Mara also wasn’t prepared to discuss how it would affect Pierre-Paul’s contractual future with the team. He hasn’t signed his $14.8 million tender and the team hasn’t rescinded it, though they did pull their long-term offer off the table.

But until they can get a good look at him, they won’t know how to proceed.

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Patriots: “Extremely disappointed” in Goodell’s Brady decision

Roger Goodell, Robert Kraft

Patriots owner Robert Kraft effectively threw up his hands in regards to the team penalties which stemmed from #DeflateGate.

But that doesn’t mean they’re going along quietly with the four-game suspension of quarterback Tom Brady, issuing a strongly worded statement regarding commissioner Roger Goodell’s refusal to overturn his own sentence, basically saying the league is assassinating Brady’s character.

“We are extremely disappointed in today’s ruling by Commissioner Goodell,” the team statement read. “We cannot comprehend the league’s position in this matter. Most would agree that the penalties levied originally were excessive and unprecedented, especially in light of the fact that the league has no hard evidence of wrongdoing. We continue to unequivocally believe in and support Tom Brady. We also believe that the laws of science continue to underscore the folly of this entire ordeal.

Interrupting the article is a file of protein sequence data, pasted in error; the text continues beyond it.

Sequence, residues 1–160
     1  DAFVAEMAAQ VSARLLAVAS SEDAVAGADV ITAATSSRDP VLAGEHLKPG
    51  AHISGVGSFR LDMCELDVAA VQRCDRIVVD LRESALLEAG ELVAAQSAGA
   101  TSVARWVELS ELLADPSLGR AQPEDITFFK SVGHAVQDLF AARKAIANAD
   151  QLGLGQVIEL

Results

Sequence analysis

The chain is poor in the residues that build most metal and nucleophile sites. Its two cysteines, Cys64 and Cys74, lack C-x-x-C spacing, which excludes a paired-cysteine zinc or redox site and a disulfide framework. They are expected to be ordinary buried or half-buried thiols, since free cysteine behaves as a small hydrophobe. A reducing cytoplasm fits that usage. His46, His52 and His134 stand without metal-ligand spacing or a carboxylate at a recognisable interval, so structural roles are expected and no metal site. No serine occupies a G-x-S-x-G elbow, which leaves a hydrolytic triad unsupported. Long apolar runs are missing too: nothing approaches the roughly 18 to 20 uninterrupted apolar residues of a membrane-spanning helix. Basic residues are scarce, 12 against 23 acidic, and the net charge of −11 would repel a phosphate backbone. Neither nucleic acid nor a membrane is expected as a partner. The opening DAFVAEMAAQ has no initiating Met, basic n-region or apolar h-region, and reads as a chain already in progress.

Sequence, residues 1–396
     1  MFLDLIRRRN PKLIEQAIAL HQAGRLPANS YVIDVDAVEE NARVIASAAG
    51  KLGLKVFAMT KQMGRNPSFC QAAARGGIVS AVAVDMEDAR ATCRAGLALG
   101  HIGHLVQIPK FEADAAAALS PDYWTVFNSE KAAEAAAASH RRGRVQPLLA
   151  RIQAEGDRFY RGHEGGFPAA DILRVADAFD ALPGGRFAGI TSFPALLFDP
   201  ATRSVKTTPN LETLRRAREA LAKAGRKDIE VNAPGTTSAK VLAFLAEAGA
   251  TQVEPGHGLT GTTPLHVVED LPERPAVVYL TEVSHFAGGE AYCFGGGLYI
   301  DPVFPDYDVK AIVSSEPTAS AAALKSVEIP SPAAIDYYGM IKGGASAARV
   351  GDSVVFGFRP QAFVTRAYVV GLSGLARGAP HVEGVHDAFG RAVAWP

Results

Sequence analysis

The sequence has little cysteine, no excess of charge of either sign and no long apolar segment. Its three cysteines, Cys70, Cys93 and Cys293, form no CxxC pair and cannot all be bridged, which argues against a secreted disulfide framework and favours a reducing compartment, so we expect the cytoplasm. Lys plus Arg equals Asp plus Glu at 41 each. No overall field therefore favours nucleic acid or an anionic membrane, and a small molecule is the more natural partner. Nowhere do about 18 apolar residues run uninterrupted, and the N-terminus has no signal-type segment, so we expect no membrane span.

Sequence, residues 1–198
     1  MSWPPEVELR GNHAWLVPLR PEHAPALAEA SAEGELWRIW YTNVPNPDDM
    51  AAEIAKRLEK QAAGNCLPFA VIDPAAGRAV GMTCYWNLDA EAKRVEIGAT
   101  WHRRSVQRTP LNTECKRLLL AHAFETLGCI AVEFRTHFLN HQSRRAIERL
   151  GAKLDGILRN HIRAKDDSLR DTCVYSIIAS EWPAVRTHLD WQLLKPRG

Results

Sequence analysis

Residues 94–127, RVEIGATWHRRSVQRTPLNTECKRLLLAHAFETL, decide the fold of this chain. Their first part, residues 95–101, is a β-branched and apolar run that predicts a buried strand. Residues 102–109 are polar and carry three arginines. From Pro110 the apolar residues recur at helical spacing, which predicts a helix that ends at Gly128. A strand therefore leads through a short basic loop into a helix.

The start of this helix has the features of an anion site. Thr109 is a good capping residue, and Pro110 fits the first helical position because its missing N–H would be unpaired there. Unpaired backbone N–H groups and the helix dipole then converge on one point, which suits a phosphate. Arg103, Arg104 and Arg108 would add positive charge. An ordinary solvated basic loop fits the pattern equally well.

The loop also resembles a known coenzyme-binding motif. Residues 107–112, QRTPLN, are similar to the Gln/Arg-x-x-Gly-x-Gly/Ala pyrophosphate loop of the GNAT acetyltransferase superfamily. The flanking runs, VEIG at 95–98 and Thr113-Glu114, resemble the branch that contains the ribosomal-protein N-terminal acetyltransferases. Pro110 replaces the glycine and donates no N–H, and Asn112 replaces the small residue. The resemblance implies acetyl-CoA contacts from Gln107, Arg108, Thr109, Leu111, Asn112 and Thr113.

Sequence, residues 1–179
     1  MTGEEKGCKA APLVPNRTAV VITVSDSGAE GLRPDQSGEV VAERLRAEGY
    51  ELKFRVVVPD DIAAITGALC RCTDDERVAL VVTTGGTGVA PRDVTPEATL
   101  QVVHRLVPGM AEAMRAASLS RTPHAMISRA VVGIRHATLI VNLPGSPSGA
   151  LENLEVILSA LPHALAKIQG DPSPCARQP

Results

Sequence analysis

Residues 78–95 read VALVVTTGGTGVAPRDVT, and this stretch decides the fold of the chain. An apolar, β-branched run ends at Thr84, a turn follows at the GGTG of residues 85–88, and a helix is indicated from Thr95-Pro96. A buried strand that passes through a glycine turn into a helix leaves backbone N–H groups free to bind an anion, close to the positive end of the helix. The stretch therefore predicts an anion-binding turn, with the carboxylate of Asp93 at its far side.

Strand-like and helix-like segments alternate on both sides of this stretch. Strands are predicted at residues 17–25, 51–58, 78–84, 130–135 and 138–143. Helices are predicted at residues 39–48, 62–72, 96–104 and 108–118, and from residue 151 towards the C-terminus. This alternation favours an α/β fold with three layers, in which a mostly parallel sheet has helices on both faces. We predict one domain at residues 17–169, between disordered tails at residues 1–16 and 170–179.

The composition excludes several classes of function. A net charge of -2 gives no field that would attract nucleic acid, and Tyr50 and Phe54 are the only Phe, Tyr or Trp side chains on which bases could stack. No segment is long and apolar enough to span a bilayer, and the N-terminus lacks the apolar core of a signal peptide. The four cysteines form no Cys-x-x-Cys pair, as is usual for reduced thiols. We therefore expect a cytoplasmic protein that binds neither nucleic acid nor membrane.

“Given all of this, it is incomprehensible as to why the league is attempting to destroy the reputation of one of its greatest players and representatives.”

Brady already has the NFLPA eager to fight on his behalf, and Kraft took the position of a good company man when he yielded to the league’s $1 million fine and loss of first- and fourth-round draft picks. Based on today’s statement, you wonder if he’d be so willing again.

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NFLPA calls Brady decision “outrageous”


In response to the decision upholding his four-game suspension, Tom Brady has spoken. Through his agent.

Brady also has spoken, sort of, through his union.

“The Commissioner’s ruling today did nothing to address the legal deficiencies of due process,” the NFL Players Association said in a statement. “The NFL remains stuck with the following facts.”